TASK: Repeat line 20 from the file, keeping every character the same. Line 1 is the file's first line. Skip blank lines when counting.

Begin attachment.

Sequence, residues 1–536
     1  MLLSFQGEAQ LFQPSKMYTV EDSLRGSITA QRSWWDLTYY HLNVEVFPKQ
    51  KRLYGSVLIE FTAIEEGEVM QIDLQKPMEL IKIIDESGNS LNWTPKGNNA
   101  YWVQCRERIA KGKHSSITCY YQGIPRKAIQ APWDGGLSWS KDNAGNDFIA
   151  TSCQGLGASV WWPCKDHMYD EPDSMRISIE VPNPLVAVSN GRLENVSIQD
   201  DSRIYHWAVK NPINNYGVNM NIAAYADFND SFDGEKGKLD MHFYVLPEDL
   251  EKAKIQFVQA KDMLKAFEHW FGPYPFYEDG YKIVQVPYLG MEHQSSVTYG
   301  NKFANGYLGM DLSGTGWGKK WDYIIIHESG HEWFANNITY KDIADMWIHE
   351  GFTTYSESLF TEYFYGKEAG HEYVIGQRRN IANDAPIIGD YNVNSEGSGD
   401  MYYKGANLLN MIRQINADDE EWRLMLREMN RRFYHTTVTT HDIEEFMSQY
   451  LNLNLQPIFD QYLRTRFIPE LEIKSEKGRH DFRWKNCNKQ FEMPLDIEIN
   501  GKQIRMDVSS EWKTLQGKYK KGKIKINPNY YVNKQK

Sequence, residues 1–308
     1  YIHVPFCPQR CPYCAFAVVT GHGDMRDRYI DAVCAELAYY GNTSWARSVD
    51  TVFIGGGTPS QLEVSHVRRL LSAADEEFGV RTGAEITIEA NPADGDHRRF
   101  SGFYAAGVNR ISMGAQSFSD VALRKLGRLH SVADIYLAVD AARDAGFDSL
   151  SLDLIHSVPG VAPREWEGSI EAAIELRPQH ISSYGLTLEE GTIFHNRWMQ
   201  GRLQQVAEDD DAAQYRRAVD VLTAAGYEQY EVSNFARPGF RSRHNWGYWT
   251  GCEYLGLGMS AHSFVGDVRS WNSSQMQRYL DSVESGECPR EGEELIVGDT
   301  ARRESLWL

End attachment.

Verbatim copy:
   301  ARRESLWL